It is located in the Chelsea neighborhood, on the northern edge of Greenwich Village and the Meatpacking District. The complex also includes a marina for mooring private boats.

 

One World Trade Center (1 World Trade Center), more simply known as 1 WTC and the Freedom Tower, is the lead building of the new World Trade Center complex in Lower Manhattan in New York City. The 105-story supertall skyscraper is being constructed in the northwest corner of the World Trade Center site, occupying the location where the original 8-story 6 World Trade Center once stood. One World Trade Center will be the tallest building in the United States and among the tallest in the world, with its radio antenna reaching a symbolic height of 1,776 feet (541.3 m) in reference to the year of American independence.

The new World Trade Center site will feature three other high-rise office buildings, located along Greenwich Street, and the National September 11 Memorial & Museum, located at the foot of One World Trade Center. The construction is part of an effort to memorialize and rebuild the original World Trade Center complex, which was destroyed during the terrorist attacks of September 11, 2001.  

The National September 11 Memorial & Museum (branded as 9/11 Memorial and 9/11 Memorial Museum) is the principal memorial and museum commemorating the September 11 attacks of 2001. The memorial is located at the World Trade Center site, on the former location of the Twin Towers destroyed during the attacks.

The design calls for a forest of trees with two square pools in the center, where the Twin Towers once stood. The memorial is 30 feet below street level (originally 70 feet) in a piazza.

On September 11, 2011, a dedication ceremony was held at the memorial, commemorating the tenth anniversary of the attacks. The memorial officially opened to the public on September 12, 2011, while the museum will open one year later, on or around September 11, 2012.

Battery Park is a 25-acre (10 hectare) public park located at the Battery, the southern tip of Manhattan Island in New York City, facing New York Harbor. The Battery is named for artillery batteries that were positioned there in the city's early years in order to protect the settlement behind them.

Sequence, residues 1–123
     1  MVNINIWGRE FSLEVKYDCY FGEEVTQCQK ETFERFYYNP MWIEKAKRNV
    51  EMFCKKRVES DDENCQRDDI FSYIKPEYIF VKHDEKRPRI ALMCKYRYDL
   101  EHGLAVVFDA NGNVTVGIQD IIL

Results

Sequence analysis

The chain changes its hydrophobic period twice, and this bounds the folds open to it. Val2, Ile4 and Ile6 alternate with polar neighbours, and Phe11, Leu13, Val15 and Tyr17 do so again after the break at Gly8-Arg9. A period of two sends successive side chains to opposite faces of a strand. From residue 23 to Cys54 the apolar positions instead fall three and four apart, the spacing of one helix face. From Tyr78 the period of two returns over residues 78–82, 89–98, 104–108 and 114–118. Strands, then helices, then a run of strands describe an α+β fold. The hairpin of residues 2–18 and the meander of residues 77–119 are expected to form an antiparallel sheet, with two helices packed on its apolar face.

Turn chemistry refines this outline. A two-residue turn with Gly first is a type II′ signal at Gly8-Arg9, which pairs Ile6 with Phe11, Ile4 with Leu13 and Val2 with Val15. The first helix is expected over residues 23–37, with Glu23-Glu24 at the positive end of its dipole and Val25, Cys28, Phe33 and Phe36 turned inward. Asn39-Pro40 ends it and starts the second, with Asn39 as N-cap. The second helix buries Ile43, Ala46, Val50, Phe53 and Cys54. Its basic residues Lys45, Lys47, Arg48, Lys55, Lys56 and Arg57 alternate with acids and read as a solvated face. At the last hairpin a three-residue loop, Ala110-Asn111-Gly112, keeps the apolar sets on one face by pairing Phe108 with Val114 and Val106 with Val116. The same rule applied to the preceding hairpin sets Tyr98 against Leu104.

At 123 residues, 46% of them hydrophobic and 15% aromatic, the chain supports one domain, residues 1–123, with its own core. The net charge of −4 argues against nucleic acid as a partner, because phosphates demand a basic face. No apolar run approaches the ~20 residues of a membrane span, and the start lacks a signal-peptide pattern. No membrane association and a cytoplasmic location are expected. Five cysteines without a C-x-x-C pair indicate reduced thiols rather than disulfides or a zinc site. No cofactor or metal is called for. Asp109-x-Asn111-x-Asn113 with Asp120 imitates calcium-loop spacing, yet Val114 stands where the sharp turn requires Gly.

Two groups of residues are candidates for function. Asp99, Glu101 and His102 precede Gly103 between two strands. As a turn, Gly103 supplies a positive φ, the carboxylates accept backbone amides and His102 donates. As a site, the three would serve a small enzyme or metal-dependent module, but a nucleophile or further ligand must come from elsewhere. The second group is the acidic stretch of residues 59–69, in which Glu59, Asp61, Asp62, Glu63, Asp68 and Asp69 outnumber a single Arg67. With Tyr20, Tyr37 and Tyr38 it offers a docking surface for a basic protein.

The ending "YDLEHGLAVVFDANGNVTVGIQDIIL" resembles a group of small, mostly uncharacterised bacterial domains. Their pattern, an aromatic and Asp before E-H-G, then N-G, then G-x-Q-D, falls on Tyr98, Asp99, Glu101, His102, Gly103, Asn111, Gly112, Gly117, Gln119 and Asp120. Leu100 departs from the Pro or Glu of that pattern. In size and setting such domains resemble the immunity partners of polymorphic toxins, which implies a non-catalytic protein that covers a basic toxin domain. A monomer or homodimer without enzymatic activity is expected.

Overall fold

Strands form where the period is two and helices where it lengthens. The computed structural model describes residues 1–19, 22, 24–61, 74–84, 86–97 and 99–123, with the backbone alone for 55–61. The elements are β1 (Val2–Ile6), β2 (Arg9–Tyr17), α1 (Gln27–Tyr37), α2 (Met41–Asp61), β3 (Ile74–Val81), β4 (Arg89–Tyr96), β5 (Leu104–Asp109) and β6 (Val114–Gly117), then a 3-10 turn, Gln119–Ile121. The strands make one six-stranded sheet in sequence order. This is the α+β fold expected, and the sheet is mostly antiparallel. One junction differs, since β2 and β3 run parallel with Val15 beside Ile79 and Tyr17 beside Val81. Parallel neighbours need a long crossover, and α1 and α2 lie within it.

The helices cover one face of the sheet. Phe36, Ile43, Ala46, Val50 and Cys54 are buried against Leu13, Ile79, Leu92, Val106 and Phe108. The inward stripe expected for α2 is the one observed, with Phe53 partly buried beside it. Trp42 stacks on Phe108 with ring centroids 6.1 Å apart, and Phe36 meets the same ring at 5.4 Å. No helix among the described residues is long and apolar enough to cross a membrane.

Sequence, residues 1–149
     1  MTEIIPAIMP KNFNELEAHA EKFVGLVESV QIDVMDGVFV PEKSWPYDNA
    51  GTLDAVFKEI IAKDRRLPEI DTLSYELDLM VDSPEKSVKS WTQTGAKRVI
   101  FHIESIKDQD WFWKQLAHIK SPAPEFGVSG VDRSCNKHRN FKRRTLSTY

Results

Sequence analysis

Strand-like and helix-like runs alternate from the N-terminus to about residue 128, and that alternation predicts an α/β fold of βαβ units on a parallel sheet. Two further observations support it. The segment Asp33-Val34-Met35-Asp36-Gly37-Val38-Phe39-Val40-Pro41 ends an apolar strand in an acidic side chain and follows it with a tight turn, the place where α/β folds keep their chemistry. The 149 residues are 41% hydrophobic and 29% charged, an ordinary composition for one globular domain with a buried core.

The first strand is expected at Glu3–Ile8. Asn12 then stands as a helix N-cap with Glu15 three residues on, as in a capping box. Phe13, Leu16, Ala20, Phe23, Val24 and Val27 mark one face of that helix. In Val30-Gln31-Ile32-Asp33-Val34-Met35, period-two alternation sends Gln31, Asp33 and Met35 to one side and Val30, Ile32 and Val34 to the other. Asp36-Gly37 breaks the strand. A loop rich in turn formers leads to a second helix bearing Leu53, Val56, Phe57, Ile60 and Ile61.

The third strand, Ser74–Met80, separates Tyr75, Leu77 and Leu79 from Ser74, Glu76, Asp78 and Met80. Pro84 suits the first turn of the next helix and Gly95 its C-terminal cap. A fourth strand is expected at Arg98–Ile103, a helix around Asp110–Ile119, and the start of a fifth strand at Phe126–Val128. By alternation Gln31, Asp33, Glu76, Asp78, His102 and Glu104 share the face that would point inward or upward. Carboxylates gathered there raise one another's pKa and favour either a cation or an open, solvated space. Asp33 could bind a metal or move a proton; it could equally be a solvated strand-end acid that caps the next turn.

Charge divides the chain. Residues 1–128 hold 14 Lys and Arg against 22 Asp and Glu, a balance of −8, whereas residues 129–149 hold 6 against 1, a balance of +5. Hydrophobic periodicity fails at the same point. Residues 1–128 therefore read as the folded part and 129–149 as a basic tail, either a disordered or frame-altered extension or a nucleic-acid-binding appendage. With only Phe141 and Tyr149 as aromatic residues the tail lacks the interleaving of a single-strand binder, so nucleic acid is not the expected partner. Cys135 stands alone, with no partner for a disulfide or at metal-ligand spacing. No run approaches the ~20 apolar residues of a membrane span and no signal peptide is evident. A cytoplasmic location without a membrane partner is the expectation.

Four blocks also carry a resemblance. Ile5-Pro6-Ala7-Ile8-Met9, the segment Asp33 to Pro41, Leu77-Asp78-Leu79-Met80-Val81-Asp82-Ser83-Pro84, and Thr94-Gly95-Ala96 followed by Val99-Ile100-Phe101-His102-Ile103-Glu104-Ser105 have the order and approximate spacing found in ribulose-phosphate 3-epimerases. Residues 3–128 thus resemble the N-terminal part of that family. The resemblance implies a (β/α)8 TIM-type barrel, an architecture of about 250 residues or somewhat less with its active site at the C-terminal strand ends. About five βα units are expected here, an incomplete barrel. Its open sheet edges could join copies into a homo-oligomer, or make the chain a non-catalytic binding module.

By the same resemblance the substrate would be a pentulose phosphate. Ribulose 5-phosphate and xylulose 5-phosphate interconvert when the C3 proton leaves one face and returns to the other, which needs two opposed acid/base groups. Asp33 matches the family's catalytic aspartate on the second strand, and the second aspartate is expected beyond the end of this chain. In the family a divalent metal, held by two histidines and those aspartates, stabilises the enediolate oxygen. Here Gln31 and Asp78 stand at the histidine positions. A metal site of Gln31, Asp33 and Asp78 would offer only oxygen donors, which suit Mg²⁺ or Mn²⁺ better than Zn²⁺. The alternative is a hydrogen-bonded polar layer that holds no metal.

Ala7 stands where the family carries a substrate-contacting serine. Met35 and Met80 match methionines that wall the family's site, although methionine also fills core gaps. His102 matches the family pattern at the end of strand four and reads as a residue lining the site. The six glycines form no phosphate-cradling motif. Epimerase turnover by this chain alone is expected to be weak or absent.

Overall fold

At the north end of the park is Castle Clinton, the often re-purposed last remnant of the defensive works that inspired the name of the park; Pier A, formerly a fireboat station; and Hope Garden, a memorial to AIDS victims. At the other end is Battery Gardens restaurant, next to the United States Coast Guard Battery Building.

Along the waterfront, ferries depart for the Statue of Liberty and Ellis Island, and there is also a New York Water Taxi stop.The park is also the site of the East Coast Memorial which commemorates U.S. servicemen who died in coastal waters of the western Atlantic Ocean during World War II, and several other memorials.

 

The Statue of Liberty is a colossal neoclassical sculpture on Liberty Island in New York Harbor, designed by Frédéric Bartholdi and dedicated on October 28, 1886. The statue, a gift to the United States from the people of France, is of a robed female figure representing Libertas, the Roman goddess of freedom, who bears a torch and a tabula ansata (a tablet evoking the law) upon which is inscribed the date of the American Declaration of Independence, July 4, 1776. A broken chain lies at her feet. The statue has become an icon of freedom and of the United States.

The statue was constructed in France, shipped overseas in crates, and assembled on the completed pedestal on what was then called Bedloe's Island. The statue's completion was marked by New York's first ticker-tape parade and a dedication ceremony presided over by President Grover Cleveland.

 

The Staten Island Ferry departs Manhattan from Whitehall Terminal, South Ferry, at the southernmost tip of Manhattan near Battery Park. On Staten Island, the ferry arrives and departs from St. George Ferry Terminal on Richmond Terrace, near Richmond County Borough Hall and Richmond County Supreme Court. Service is provided 24 hours a day, 365 days a year. The Staten Island Ferry is quite a reliable form of mass transit, with an on-time performance of over 96 percent. The Staten Island Ferry has been a municipal service since 1905, and currently carries over 21 million passengers annually on the 5.2-mile (8.4 km) run.

The five-mile (8 km) journey takes about 25 minutes each way. The ferry is free of charge, though riders must disembark at each terminal and reenter through the terminal building for a round trip to comply with Coast Guard regulations regarding vessel capacity and the place holding optical turnstiles at both terminals. Bicycles may also be taken on the lowest deck of the ferry without charge. In the past, ferries were equipped for vehicle transport, at a charge of $3 per automobile; however, vehicles have not been allowed on the ferry since the September 11, 2001, attacks.

The East River Greenway runs along the East Side from The Battery and past South Street Seaport to East Harlem with a 1.3 mile (2 km) gap from 34th to 60th streets in Midtown where pedestrians use busy First and Second Avenues to get around United Nations Headquarters between the Upper East Side and Kips Bay portions of the Greenway. Cyclists going further north who do not wish to carry their bike up a long flight of stairs skip the 60th Street access and continue in the on street bike lane another mile (1.7 km) to 83rd Street.

In October 2011, the city and state reached an agreement to use the western portion of Robert Moses Playground for an expansion of the United Nations campus. In exchange, the United Nations Development Corporation would pay $73 million to fund the development of the gap in the Greenway between 38th and 60th streets.